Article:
Dealing with Alzheimer’s seems to be a growing genre as people live longer, and their bodies outlive their cognitive abilities. I reviewed My Mom My Hero by Lisa Hirsch a few years ago, which was written by a childhood friend. Last I heard, her mother is still alive.

I recommend reading The Lost Kitchen, whether you've had to deal with a loved one's Alzheimer’s or any other form of dementia or not. After a half a century in Israel, I sometimes forget that there's a whole other world out there in other countries, and life can be very different. The Lost Kitchen is also a Jewish Israeli story, because the assistance, facilities, society and health care system are probably specific to Israel. Of course the family dynamics and dementia itself, no matter what the specific diagnosis are international. Dementia can happen to anyone, anyplace and any age, due to all sorts of causes.

Miriam Green has written a valuable and unique book, a universal story. As a bonus you get a cookbook, which is valuable on its own. Unlike many cookbooks, this one has easy to follow recipes, without too many exotic, hard to find ingredients. The poems add a gentle touch. Yes, if I haven't been clear, I highly recommend buying The Lost Kitchen for yourself or as a gift for others.

Product details

  • Paperback: 274 pages
  • Publisher: Black Opal Books (May 4, 2019)
  • Language: English
  • ISBN-10: 1644370816
  • ISBN-13: 978-1644370810
  • Product Dimensions: 5.2 x 0.7 x 8 inches
  • Shipping Weight: 11.4 ounces (View shipping rates and policies)

Monday, August 12, 2019

Easy Filling Vegetable Lentil Soup

Why do I post so many Vegetable Soup recipes/posts?

That's because, they're all a bit different, and I never follow an exact recipe!


Yesterday afternoon, while observing the Tisha B'Av fast, an important event on the Jewish Calendar, I realized that I had better start preparations for my fast-breaking vegetable soup. Since I wanted a nice hearty soup with lentils and brown rice, it needed time.

Ingredients- Quantities aren't holy, just recommendations:
1/3 cup brown rice (I used round brown)
1/3 cup orange lentils
1/3 cup brown lentils
1 large onion, diced
2 medium carrots cut
1 large squash cut
1/2 sweet potato (you can use a whole one) cut
pinch plus of coarse salt
coarse black pepper
1/4 cup dehydrated dill
vegetable oil
boiling water

Step #1
Check the rice and lentils. Add to a large pot, pour in boiling water to cover plus, cover and leave for at least an hour.
Step #2
An hour or more before you want to serve the soup, add the rest of the ingredients. Water should not reach more than a couple of inches from the top of the pot. Bring to a boil, then lower the flame to simmer. Cook covered.
Step #3
Stir periodically. You may have to add a bit more water. Turn off heat when the lentils and rice are nice and soft. Keep covered until serving. Yes, that's it. Very easy and simple to make. You can add other vegetables, seasonings etc.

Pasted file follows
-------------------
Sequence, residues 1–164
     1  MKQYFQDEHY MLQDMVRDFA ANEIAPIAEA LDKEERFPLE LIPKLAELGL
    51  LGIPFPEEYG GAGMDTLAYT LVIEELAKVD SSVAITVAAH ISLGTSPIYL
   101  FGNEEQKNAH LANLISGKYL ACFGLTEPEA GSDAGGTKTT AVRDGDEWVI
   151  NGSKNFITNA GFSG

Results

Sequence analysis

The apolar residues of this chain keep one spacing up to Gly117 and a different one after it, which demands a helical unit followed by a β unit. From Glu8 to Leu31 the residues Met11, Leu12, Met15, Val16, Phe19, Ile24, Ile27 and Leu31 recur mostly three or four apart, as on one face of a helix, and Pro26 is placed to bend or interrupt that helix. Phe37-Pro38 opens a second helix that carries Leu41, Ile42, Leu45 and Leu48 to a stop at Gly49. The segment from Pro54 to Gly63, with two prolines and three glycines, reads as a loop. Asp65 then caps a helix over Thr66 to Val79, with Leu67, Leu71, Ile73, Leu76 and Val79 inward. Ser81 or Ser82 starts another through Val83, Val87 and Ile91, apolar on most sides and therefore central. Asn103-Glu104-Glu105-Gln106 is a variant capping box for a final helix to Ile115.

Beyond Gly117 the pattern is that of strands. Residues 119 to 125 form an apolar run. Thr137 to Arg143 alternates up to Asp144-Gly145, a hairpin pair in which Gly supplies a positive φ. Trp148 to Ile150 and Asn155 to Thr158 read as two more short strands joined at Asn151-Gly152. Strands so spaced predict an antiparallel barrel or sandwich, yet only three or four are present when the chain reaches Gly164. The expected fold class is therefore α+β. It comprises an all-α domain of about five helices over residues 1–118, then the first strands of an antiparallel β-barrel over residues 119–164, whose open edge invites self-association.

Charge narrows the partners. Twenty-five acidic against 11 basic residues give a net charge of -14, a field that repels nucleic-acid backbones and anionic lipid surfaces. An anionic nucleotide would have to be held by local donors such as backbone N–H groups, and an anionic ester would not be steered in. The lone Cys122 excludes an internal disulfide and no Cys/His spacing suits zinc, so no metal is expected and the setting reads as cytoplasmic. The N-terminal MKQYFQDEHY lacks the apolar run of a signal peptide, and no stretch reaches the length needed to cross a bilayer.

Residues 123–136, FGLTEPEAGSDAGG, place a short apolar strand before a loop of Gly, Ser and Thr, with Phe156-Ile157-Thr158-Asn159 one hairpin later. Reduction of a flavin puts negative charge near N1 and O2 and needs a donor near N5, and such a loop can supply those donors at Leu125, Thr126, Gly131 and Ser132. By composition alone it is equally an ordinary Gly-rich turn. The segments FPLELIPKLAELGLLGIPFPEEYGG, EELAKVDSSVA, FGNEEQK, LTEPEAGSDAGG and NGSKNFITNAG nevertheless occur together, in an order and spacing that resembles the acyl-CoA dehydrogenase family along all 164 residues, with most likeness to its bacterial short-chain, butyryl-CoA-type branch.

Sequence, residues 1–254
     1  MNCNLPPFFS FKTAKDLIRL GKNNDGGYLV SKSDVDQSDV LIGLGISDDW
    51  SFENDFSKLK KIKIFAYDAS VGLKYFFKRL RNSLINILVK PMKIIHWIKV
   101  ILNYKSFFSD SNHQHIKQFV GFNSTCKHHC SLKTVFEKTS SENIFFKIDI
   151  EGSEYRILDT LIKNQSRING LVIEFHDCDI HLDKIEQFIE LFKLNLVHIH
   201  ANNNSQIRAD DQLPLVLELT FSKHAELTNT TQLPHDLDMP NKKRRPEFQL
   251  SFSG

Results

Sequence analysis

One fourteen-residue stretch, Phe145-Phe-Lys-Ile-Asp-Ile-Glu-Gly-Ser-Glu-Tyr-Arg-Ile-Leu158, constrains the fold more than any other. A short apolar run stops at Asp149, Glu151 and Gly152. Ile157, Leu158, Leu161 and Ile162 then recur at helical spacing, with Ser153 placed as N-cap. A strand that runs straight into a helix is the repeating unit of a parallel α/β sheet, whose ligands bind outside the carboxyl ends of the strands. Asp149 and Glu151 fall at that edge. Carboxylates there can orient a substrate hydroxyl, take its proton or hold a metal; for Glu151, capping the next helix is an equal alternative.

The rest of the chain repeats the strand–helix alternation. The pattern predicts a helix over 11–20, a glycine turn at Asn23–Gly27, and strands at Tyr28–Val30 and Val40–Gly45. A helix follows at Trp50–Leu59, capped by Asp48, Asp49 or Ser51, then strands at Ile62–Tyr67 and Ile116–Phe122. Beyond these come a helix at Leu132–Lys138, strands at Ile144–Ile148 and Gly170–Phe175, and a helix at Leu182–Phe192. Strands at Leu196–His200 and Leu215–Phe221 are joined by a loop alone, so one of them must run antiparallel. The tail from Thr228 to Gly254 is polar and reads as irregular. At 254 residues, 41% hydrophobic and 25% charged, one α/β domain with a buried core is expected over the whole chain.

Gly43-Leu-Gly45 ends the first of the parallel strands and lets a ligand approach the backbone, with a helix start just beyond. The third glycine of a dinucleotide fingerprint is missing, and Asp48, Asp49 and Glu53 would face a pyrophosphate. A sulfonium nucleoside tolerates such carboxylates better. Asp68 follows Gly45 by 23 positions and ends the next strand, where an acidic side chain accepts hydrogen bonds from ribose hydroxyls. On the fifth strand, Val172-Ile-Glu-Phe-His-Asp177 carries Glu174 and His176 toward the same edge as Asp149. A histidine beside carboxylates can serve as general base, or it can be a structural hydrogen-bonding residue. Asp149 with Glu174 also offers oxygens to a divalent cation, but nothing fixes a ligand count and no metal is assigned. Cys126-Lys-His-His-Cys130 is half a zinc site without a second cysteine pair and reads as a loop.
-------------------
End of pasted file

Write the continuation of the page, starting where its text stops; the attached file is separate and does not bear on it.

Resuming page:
Wednesday, August 07, 2019

New Mall in Ariel Near The University

For months, OK ever since I noticed the construction, I've been impatiently awaiting the opening of the new mall in Ariel. It's right across from the Ariel University and a minute from  where we catch rides and buses to Shiloh and nearby communities. The Rami Levi Mall, which is at the other end of Ariel, is very inconvenient for me, since I don't have a car.

This new Ariel mall has a gas station, a supermarket (Supersol Deal,) quite a few restaurants, a bookstore, clothing and accessory stores and best of all a FOX home, which is a big favorite of mine. The only thing I didn't see was a children's clothing store. The clothing stores in the mall all seem to cater to adults only. Like the Rami Levy Mall at the other end of Ariel, this "mall" is open. In that way it resembles "shopping centers" of my childhood, except for the fact that it's two stories tall and has an elevator. Rami Levy's also has an escalator.

I was in the new Ariel mall yesterday with a couple of friends. We ate lunch, and Gd willing I'll review the restaurant in a couple of days.









I can imagine myself tremping to the new Ariel mall just for fun.

Tuesday, August 06, 2019

Simple and Relatively Frugal Salmon Prepared in Advance

Over the years, especially as we're now empty-nesters, I've gotten out of the habit of daily cooking. Also, I'm frequently too busy, or out of the house when my husband needs to eat dinner. So, when I cook for Shabbat, I cook for the week. This week it's more complicated. It's the "Nine Days," when our tradition is to refrain from eating meat/poultry. That means that most of the leftover Shabbat food went to the freezer. We're on a limited budget, so frugal shopping and cooking are necessary, but fish isn't cheap. And cheeses aren't all that inexpensive, either. Also, I limit my carbohydrates. After trying the less expensive fish, I've discovered that buying a large fillet of salmon is most practical. Frugal salmon is not an oxymoron.

Generally, I don't cook it all at the same time. Honestly, I can't even put the whole piece of salmon fillet in the oven without cutting off a bit. When I want just a serving or two of salmon, I take it out to very slightly thaw. Then I cut off what I need with a heavy/sturdy knife. It ends up costing less than half of what I'd pay for a package of pre-cut salmon.

On Sunday I saw that the remaining salmon was about a week's worth. I sliced it into serving sized pieces, placed them on a large baking dish, seasoned and baked. Every night we've been having salmon, which we love, heated up with whatever side dishes.


I've also used these large salmon fillets for serving lots of guests, also cutting into serving size pieces in advance, then cooking/baking.

Sunday, August 04, 2019

Harvest! Grapes

Grapes have ripened already. It's a bit early, but we've had really hot weather since May. These are my favorites. Since we have such sweet grapes in our vineyard garden, I almost never buy grapes. I can wait until ours are ripe for the picking. Harvest has begun!



Thursday, August 01, 2019

Jerusalem Museum of Islamic Art

For decades, I've passed the Museum of Islamic Art and never even felt tempted to walk in. But then one of my chevruta, friends I learn with, suggested we go after one of our learning sessions. They have a new special exhibit on Jewelry which sounded interesting. So we went.





I must admit that the jewelry exhibit was nothing special. I prefer the jewelry in the Israel Museum, but the clock exhibit is phenomenal.








The Clock exhibit's great for kids and adults. There's a big story about it, too. Apparently it's extremely valuable, and someone once stole everything. After almost all of the clocks had been  recovered, a special room, which is actually a giant safe was constructed for it as "exhibition space."

There are lots of summer discounts in the Museum of Islamic Art, including free entrance for children at certain times. Check their site for more information.